Printable CopyTHE AUDIENCE
Therry Theatre
The Arts Theatre
Until 13 Nov 2021

Review by John Wells

Every Tuesday evening, Her Majesty Queen Elizabeth the Second sits down with her Prime Minister to discuss the business of the week past and the week to come. The weekly “audiences” are private, unrecorded conversations between the Monarch and the head of her government.

Peter Morgan’s 2013 play “The Audience” is a non-linear dramatisation of nearly sixty years of audiences, from a cantankerous, condescending Churchill to a glib David Cameron. Because nothing is actually known about these meetings, Morgan can give free reign to his imagination. The script is full of charm and cleverness, with some wonderfully sharp quips from Her Majesty. In its best moments, “The Audience” finds arresting emotional insight, astute historical reflection (with nice flashes of irony) and theatrical flourish.

The text, however, fails to create any real dramatic tension to drive the action of the play. While the Queen can “advise and warn” her Prime Ministers, she is constitutionally bound not to interfere with the business of government. This means the theatrical rendering of the audiences has little conflict. The episodes zip around in time, but there is no sense of accumulating drama. To create interest, Morgan spices up some of the meetings with political intrigue, bantering friendship and, in the Thatcher v Queen show-down, a stream of outraged bile. Much of this strains credulity. Would the Queen speak to openly about her cousins’ mental health struggles, or champion black rights in South Africa, or stoutly cross-examine Anthony Eden on British duplicity during the Suez crisis? Would John Major mention auto erotic suicide? Would Margaret Thatcher sail in and bully the Queen with angry bombast? And would Harold Wilson tease Her Majesty about her German ancestry?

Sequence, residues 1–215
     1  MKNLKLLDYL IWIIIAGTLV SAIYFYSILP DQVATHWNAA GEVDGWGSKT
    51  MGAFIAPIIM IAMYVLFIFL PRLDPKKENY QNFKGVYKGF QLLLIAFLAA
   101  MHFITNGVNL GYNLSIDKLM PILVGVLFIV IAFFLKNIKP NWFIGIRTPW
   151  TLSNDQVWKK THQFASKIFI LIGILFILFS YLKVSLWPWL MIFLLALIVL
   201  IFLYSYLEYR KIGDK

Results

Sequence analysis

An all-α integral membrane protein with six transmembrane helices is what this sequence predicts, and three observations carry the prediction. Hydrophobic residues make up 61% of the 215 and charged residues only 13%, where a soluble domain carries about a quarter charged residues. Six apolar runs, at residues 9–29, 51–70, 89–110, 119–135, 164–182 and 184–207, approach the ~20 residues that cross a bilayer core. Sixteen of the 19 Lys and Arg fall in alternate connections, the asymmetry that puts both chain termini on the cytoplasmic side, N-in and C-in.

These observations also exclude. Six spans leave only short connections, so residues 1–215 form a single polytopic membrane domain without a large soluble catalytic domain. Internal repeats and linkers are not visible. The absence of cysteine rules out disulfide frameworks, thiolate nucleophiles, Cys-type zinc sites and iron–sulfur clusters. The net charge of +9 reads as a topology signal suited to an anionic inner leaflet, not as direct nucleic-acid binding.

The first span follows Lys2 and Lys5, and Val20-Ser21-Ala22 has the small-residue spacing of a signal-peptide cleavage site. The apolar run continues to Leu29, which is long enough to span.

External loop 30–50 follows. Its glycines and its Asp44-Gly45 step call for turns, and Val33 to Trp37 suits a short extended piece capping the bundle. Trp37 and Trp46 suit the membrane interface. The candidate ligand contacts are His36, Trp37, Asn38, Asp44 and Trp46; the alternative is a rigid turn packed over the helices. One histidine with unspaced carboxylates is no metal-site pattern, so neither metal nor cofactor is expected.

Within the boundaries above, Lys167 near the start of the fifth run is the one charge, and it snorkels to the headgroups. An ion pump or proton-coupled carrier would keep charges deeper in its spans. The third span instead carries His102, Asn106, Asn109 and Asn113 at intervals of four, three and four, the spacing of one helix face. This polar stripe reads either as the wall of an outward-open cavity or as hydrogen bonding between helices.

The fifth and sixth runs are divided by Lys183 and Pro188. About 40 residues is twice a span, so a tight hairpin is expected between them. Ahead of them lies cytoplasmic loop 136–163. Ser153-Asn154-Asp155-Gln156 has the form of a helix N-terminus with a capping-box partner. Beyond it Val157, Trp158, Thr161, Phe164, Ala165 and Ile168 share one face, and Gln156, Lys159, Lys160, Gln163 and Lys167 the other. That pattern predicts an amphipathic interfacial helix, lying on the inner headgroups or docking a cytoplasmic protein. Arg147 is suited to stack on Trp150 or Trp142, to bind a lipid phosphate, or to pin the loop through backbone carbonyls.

Despite the deficiencies of the script, this is a strong and entertaining amateur production.

Director Ben Todd has succeeded in giving brightness and pace to an essentially static piece. Despite most of the action involving two people sitting in chairs, there is real vibrancy and momentum in this production. Todd has clearly worked closely with his actors in bringing detail and nuance to the performances - not easy to do as some of the Prime Ministers are written superficially.

The strong cast is led by Rebecca Kemp as Queen Elizabeth. She gives a well-modulated, emotionally precise performance, full of concentration and skill. Her accent never falters and her combination of strength, gentle authority and ordinariness works extremely well. She moves from a hesitant young Queen to a wise confidante with ease. (Kemp is assisted by a small battalion of dressers: she frequently glides stage-left where she is surrounded by black-clad gang who change her frock and attach a new wig – a bit like a Royal Formula One pit-stop.)

The cast of PMs is uniformly excellent, with some stand-out performances: Paul Briske plays the Labour PM Harold Wilson as a folksy, passionate, avuncular co-conspirator. It is a beautifully engaging and entertaining portrayal, and his scenes with Kemp are real highlights of this show. Brad Martin (John Major) is convincing as a decent man thrust into an unwelcome position. Frank Cwiertniak’s wonderfully versatile acting reveals both a nervy and paranoid Gordon Brown and a politically weak Eden with powerful effect. Natasha Scholey (Margaret Thatcher) is like a galleon in full sail: she descends on the poor Queen with unassailable fury, berating her for Palace leaks. While this episode suffers from a hearty sense of implausibility, Scholey is imperiously aggressive and very funny.

The strong production is augmented by excellent costuming, sensitive video and still projections, and two amazingly well-behaved corgis.